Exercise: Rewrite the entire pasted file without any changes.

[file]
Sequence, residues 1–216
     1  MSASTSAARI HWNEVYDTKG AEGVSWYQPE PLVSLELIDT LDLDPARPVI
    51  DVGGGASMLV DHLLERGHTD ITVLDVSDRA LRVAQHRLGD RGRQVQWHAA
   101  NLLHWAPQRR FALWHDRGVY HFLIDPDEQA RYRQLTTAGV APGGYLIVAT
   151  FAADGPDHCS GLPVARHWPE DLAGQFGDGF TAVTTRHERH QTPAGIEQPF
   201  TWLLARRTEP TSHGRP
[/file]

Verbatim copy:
Sequence, residues 1–216
     1  MSASTSAARI HWNEVYDTKG AEGVSWYQPE PLVSLELIDT LDLDPARPVI
    51  DVGGGASMLV DHLLERGHTD ITVLDVSDRA LRVAQHRLGD RGRQVQWHAA
   101  NLLHWAPQRR FALWHDRGVY HFLIDPDEQA RYRQLTTAGV APGGYLIVAT
   151  FAADGPDHCS GLPVARHWPE DLAGQFGDGF TAVTTRHERH QTPAGIEQPF
   201  TWLLARRTEP TSHGRP